How and Why To Write Thank You Notes After An Interview

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Common sense says to write a thank-you note after an interview. But like Emily Post, are thank-you notes now a thing of the antiquated past?

No, dear Millennial, they are not. And no, dear Boomer, they are not an obvious common courtesy.

When properly done, post-interview thank-you notes serve several distinct purposes. Unfortunately, most notes are not executed well and don't really contribute to your chances of landing the job.

For example, here is an actual hand-written note I received after an interview:

"Dear Rhona:
I want to Thank You for taking the time to meet with me regarding the ____ position. It was a pleasure meeting you and I hope to speak with you again soon.

See anything wrong with it? Before you answer, here's a hint. The thing most wrong is what's not in it.

A great thank-you note should accomplish a few things that this note--while still nice--does not. It should:
  • Help the interviewer consider you more strongly by showing your passion
  • Improve an answer to a question you may not have nailed
  • Answer a question the interviewer posed and didn't leave time to address
  • Provide deeper follow-up to a point you may have made
  • Provide another example of how you can help the organization based on something mentioned during the interview
Of course, one letter can't (and shouldn't try to) address all five points. But even though thank-you notes should be relatively short, the content or "meat" of them still takes precedence over brevity. Generally, when I get a pleasant but generic thank you letter like the one above, I immediately file it in the trash. It basically wasted my time. However, if a letter adds information about the candidate, it gets stapled to his or her resume and cover letter and kept for future consideration.

Length is important, though. A few well-written paragraphs should suffice--but no more than one page. With that in mind, only one or two points can be handled substantively. Pick the one that's most pertinent and then use the other bulleted goals for follow-up touch points in subsequent correspondence in a week or two.

Sometimes thank-you notes just feel like wasted time, particularly after a bad interview--but when done correctly, they aren't. Take goal number two, for instance: addressing a question you may not have handled to the best of your ability. In the thank-you note, you can write that after sleeping on it, you realized that you neglected to mention how you completed a project that addressed the issue, and add that information.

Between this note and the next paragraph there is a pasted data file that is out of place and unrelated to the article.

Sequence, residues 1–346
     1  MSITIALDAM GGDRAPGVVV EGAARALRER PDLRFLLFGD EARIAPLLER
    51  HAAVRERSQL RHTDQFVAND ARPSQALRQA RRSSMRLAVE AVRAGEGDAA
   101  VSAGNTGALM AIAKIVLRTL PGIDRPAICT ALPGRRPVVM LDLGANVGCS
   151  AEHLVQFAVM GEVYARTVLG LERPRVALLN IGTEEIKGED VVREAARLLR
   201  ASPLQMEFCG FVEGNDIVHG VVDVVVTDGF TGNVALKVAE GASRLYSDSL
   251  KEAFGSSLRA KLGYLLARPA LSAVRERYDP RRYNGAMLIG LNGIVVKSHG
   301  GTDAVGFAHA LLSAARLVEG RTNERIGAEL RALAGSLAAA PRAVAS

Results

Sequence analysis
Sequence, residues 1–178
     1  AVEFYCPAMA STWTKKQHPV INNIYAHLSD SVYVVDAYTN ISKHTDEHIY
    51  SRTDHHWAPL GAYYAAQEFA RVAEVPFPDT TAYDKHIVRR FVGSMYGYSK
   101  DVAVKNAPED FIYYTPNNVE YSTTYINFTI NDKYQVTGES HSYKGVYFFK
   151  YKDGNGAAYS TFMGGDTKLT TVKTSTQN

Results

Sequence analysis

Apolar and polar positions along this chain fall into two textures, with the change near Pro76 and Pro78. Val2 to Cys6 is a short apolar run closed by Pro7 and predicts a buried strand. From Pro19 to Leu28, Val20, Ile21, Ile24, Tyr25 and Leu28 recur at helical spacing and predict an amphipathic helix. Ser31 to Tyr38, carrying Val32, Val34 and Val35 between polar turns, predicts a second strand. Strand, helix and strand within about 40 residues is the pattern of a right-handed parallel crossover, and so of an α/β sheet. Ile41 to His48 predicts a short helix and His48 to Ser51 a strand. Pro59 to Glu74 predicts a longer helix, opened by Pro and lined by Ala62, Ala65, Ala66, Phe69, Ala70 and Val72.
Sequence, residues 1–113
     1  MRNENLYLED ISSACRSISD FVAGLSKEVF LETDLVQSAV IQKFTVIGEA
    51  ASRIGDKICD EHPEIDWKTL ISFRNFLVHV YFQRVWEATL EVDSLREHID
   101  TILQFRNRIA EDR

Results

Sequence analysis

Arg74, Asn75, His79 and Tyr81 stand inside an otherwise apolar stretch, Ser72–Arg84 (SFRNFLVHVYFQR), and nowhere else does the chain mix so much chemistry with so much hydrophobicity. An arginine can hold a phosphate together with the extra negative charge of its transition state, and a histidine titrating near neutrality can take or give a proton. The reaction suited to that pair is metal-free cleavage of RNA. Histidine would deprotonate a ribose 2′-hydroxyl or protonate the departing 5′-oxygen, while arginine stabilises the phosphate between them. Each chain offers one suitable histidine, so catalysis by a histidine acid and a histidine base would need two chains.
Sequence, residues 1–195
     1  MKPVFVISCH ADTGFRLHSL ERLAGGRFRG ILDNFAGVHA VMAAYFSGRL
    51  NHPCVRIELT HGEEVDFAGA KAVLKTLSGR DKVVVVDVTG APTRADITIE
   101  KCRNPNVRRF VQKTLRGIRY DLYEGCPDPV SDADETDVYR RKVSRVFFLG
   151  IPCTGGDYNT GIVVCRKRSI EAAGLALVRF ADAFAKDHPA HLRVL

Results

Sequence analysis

Email or Snail Mail?
Short answer: Both, but increasingly email. Here's why:
  • Email is immediate. It can be sent within hours of an interview.
  • Email allows links to pertinent follow-up information.
  • Email does not preclude you also sending a standard thank-you note that can arrive days later and be used as a second touch point.
Like interview questions, I believe thank-you notes are best used as conversation starters. Here's a redacted example of an email thank-you note I sent after one interview:

Dear ________:

Thank you for taking time out of your busy day to meet with me regarding the open position for _____________.

Regarding our discussion on ongoing learning and new media tools, some techniques I've found valuable include:
* Recorded webinars. I developed these at The NAPL Network for key management topics, and seminars were then recorded for on-demand access by members throughout the year. I also use webinars in keeping my own knowledge base up-to-date on various media topics.
* Short Explainer Videos. This new video format breaks down difficult concepts into 60 or 90 second visual spots that keep audiences engaged. Here's a link to one I completed recently for The Press. This video was also repurposed into TV and radio spots.

These and other cost-effective options can easily be interwoven into a broader strategic communications plan for maintaining consistent and targeted messaging. I would welcome the opportunity to move to the next phase and continue our discussion for broadening the audience reach and engagement of _________. Thank you again for your time and consideration.

This was not a short note. Its purpose, however, was to function like a second cover letter, allowing me to thank the interviewer while highlighting experiences and credentials that directly addressed concerns raised during the interview. It showed that I listened, understood her questions, had something to offer, and was still excited about the prospect.

I ultimately did not get the job, but I did move to the next level of consideration, and that's really the only goal of each interaction--to get to the next level.

When crafting your own post-interview thank-you notes, don't use Emily Post as a guide. Her rules of engagement were about personal connections and note cards. Business correspondence follows its own rules, including stationery over cards, and content that is less personal and more practical. Each letter, whether on paper or digital, needs to get to the point, not waste time, add to the conversation and encourage forward motion. It's a different type of art, but one that can be easily mastered.
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